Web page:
I learned today about clutches on reefers. Learned when ours was replaced.
Diane and I woke up this morning in a retail area in Sacramento near the reefer (refrigerating unit) dealer we called on today. It turned out that the diagnosis of a bad alternator was incorrect. After they put a new one on, the same “ALT AUX” code was received in the truck cab.
This code was first received when we ran the reefer while we were at our Florida house in January and February. As with the truck, we ran the reefer every now and then to keep it fresh and limber while it sat for two months. Our intention was to get the reefer fixed once we got back on the road in early March. But we were running strong out of the gate and no good opportunity developed to get the reefer fixed.
When we were in Reno last week, I had time to look at the reefer. All the connections were good but I cleaned them anyway. The alternator belt was in place and in good shape. Calls to two reefer dealers confirmed what I then thought. Alternator failures on older reefers are common. The alternator has probably failed.
After a bit of online research and calling around, we found an alternator shop in Reno that had the replacement part but they were charging a much higher price than a Carrier dealer would. I decided to not do the job myself since the cost would be about the same to buy the part from Carrier and pay the labor rate to have it installed. If it turned out not to be a bad alternator, the bad diagnosis would be on them, not me.
That turned out to be good thinking because when the new alternator was put on by this shop, the same fault code was received. A more senior person was called in to look at our reefer.
While he had earlier agreed with the failed alternator theory, he next did something neither I nor the younger mechanic had done. He watched the reefer run while the fault code was being generated. All three of us saw the same thing at the same time. While the reefer ran, the belts stopped moving, then started, then stopped and started again. The clutch was not properly engaging. This created an intermittent condition where the reefer was able to maintain temp but the ALT AUX code would be received. The culprit was the clutch, not the alternator.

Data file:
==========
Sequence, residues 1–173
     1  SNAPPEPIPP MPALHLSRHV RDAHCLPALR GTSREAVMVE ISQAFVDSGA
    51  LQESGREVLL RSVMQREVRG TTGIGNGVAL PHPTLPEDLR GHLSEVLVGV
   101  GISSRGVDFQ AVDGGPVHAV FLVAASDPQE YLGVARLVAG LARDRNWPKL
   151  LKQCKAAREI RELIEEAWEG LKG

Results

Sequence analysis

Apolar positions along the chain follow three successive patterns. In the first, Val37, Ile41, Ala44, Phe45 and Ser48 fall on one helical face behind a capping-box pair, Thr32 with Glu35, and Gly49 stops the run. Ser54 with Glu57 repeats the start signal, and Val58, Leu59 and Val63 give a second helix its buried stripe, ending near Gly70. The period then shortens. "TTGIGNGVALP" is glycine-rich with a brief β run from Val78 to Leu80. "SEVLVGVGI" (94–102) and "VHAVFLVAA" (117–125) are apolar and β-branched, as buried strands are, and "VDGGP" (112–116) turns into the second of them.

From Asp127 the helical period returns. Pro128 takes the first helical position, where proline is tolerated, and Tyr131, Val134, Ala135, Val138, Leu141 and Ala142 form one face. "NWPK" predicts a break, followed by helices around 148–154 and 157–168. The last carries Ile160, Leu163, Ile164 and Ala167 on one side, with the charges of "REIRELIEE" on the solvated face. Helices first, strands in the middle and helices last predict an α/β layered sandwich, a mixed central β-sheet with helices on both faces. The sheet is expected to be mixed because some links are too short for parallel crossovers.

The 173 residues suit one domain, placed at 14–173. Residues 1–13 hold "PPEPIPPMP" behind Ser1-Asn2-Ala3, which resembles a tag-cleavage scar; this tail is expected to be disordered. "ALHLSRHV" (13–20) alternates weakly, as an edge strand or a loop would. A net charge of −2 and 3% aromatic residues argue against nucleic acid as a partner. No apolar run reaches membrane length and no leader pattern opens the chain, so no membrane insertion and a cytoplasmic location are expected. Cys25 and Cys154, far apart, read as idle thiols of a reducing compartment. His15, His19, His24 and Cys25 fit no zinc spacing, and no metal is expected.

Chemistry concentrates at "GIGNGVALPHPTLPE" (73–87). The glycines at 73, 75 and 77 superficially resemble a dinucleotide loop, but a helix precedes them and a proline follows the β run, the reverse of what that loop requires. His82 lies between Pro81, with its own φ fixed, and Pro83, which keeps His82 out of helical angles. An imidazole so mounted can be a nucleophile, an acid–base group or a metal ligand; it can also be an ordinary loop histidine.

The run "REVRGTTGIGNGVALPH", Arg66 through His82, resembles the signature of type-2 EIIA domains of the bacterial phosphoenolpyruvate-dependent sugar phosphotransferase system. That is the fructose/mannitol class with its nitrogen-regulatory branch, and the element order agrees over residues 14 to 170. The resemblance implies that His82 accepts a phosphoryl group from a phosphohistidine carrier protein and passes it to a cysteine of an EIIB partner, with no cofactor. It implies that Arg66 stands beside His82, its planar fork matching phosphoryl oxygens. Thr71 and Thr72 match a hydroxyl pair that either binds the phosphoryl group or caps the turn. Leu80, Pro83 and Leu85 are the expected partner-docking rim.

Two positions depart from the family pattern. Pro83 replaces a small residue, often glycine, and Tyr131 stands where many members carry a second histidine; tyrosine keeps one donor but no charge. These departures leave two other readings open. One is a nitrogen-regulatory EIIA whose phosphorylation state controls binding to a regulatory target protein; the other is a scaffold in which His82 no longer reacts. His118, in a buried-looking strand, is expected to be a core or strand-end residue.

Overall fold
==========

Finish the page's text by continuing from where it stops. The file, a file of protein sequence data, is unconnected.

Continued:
They offered to put the old alternator back on at no charge but I told them to leave the new one in place. Since alternator failures are common on older reefers, and since this is a critical component, it seemed like a good preventative maintenance idea to replace it before it failed, not after.
Diane and I were glad we went to this shop instead of the one in Fontana. The Fontana shop had no alternator in stock. On this Friday, this shop had both an alternator and a clutch in stock. They spent about five hours working on the reefer but only charged us for three. The clutch cost $500 but I did not worry about price gouging. Their alternator price was in line with what other Carrier Transicold dealers charged and lower than the Reno alternator store would have charged. Based on that, I assumed I was paying a fair price for the clutch too. Total repair bill today: $900 and change.